Still, I feel kind of bad for the actor playing Ethan. He becomes the single best villain in the history of TV, and now he's stuck in lame flashback/alternate reality bit parts. I mean, really, who's been able to top him? Ben? Widmore? The Locke Monster? Gimme a break. Ethan still scares the fuck out of me, even when he's a 'good' version of himself. Although the parallels between him doctoring Claire here and back on the island are pretty cool, even if they're totally obvious and not exactly relevant to anything.
But there’s one thing that has changed. And that is the similarity between this show and Digimon. Not many people realized it, but key aspects of the show directly correlated to one of my favorite childhood cartoons. Some brief examples:
1. Group of people in a strange, disturbing place, no idea of what’s happening and no clear way of getting home. Initially, the group in Digimon lands on an island, but they go off elsewhere pretty soon.
2. Love triangle between a spunky brown haired girl, the darker haired, occasionally douchy leader, and the blonde loner.
3. Behind every bad guy is another, stronger bad guy who’s more in control of what’s happening. This happens in a lot of shows, but still.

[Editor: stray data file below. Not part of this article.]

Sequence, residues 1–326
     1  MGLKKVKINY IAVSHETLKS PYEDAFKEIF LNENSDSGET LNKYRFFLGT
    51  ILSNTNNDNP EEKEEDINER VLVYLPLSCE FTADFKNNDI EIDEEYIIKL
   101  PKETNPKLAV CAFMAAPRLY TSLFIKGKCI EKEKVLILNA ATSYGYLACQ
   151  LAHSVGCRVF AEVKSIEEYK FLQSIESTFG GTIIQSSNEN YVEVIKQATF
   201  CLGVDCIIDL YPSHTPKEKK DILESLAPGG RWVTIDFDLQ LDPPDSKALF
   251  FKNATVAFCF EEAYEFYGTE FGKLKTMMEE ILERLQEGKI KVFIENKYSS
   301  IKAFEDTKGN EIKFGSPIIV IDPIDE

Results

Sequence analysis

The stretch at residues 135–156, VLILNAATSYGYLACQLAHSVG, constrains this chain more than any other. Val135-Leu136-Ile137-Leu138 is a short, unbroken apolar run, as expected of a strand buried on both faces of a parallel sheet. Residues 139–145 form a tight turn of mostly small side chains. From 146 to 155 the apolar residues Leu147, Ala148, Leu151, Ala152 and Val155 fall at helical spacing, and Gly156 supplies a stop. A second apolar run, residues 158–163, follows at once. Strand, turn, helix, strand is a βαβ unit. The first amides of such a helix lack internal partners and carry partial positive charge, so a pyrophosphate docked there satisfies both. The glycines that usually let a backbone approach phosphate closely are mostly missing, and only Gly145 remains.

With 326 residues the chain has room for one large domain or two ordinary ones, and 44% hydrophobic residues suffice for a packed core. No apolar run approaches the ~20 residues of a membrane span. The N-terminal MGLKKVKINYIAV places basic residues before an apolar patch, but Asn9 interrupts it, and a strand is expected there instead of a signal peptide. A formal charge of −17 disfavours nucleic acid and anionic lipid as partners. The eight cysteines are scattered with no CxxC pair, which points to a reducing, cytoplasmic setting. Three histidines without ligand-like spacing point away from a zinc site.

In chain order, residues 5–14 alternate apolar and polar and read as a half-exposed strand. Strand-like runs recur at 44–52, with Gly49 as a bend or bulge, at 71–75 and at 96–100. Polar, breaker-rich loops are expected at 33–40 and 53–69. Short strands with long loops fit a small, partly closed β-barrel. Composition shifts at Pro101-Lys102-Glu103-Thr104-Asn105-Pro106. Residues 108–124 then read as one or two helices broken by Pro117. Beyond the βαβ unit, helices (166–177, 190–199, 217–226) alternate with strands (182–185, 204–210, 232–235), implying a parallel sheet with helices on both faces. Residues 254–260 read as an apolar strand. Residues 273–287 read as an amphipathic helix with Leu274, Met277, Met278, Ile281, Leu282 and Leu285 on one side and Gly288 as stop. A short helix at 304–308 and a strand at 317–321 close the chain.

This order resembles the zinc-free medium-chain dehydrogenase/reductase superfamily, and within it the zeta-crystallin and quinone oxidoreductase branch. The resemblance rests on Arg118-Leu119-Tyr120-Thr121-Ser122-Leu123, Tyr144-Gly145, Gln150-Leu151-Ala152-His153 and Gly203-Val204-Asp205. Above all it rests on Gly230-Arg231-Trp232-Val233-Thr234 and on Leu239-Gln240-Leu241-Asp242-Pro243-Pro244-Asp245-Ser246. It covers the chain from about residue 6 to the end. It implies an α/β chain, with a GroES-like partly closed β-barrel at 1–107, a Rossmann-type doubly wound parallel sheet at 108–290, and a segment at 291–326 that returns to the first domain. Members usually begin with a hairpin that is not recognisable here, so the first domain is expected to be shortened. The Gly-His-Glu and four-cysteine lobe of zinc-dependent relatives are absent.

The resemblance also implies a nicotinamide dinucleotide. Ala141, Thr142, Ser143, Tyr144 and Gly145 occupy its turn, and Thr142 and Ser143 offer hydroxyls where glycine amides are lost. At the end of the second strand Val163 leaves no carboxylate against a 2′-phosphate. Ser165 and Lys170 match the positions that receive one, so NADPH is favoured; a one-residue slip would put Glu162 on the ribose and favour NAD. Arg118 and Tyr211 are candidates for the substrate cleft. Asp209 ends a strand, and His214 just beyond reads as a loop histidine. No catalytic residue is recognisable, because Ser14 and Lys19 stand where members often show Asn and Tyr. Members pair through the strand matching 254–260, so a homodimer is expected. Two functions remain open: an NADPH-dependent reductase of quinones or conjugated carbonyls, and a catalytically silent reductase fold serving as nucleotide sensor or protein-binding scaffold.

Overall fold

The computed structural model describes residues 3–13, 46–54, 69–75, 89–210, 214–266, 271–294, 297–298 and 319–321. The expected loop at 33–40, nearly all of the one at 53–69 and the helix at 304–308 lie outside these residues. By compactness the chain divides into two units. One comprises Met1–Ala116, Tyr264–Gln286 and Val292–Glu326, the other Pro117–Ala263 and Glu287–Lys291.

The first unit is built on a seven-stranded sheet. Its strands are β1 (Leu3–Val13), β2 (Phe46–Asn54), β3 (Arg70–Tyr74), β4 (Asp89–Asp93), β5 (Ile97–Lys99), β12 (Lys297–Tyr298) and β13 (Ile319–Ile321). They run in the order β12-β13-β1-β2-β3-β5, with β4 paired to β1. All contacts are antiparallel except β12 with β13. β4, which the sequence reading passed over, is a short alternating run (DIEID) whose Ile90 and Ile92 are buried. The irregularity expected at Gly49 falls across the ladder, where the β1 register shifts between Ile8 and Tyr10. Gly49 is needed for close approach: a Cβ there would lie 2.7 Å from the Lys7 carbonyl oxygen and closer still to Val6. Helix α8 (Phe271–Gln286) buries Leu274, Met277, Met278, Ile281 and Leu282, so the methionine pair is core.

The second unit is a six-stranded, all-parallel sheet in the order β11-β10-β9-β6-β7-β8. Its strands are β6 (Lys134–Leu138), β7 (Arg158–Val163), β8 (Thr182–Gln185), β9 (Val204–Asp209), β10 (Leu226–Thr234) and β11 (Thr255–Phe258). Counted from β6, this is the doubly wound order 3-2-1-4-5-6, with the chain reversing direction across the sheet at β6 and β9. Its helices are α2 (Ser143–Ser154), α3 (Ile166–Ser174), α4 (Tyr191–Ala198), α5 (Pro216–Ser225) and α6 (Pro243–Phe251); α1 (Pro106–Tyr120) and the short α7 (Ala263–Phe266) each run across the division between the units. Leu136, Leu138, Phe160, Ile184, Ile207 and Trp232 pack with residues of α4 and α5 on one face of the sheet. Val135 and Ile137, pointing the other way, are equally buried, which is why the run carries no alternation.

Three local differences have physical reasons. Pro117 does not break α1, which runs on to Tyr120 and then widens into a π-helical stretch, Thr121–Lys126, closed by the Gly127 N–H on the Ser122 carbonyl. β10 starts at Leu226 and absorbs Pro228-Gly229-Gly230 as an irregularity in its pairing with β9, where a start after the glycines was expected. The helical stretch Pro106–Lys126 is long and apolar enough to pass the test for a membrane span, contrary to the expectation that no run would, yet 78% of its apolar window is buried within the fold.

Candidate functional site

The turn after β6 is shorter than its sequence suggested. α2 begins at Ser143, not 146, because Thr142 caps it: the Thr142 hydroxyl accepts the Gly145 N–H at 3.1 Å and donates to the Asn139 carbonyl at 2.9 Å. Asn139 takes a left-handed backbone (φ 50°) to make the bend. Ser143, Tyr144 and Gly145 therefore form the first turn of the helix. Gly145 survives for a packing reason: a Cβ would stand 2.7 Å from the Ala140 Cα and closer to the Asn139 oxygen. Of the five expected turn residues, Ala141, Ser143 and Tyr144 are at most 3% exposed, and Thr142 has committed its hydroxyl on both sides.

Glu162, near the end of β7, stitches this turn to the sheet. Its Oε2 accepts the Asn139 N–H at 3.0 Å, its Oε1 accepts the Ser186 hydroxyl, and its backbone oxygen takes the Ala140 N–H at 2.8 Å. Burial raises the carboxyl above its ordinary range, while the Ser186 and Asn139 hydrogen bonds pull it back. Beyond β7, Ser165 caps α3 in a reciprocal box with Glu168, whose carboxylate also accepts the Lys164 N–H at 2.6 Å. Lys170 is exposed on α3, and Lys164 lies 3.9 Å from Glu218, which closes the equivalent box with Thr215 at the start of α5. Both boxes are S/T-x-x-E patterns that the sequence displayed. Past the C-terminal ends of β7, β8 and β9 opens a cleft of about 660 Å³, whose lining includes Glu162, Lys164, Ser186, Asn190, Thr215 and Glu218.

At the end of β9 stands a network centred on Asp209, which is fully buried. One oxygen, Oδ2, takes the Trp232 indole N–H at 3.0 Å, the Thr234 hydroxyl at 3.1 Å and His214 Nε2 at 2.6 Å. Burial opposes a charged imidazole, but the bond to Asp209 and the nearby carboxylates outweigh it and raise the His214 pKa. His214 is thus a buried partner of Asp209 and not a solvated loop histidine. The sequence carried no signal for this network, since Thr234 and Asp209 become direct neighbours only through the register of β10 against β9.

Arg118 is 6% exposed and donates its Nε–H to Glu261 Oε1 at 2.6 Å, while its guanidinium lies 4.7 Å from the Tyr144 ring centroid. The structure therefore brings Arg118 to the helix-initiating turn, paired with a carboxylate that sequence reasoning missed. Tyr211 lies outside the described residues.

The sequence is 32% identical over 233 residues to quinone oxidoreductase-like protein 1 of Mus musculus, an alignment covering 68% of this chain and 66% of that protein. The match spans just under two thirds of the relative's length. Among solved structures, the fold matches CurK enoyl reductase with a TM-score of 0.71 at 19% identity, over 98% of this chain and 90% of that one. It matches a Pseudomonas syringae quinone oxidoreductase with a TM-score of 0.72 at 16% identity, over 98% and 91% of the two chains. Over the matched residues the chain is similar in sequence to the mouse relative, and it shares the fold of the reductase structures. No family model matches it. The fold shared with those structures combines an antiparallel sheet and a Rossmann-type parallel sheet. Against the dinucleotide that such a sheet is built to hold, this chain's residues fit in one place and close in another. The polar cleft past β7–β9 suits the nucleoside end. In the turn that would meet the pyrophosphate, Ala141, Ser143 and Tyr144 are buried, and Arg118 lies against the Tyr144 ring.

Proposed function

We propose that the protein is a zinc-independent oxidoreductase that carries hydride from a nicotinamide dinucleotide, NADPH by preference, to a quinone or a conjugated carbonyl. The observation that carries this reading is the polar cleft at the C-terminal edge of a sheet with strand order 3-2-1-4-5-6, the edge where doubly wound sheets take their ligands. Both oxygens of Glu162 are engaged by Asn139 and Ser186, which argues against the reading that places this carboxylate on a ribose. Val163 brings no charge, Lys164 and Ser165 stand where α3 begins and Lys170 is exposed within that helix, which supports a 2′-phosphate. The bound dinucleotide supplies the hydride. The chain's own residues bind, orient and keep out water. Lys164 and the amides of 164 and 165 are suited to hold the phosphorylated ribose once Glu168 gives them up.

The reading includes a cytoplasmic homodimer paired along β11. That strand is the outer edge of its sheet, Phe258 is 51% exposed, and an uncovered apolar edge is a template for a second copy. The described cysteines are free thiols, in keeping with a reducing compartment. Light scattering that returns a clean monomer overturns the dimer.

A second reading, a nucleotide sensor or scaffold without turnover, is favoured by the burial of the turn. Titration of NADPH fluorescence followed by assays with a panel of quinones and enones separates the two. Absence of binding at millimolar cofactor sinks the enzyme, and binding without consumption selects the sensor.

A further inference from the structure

4. Increasing amount of insanity in the shit that’s going down.
5. Events in the real world affecting the crazy place, and vice versa. AND the eventual return to the real world by some of the group, followed by the need to return to the crazy place.
6. Children who are somehow better connected to the crazy place than the older folks in the group are.
A lot of this is still true, but the path the shows followed is no longer quite as similar. Lost has kind of circled back on itself (in a good way), where Digimon just went as far as it could go (and then made semi- related spinoffs). Anyway, just thought I’d point that out. Feel free to ask me about anything, I think I've got a good grip on what's going on. Questions can be directed to firstname.lastname@example.org.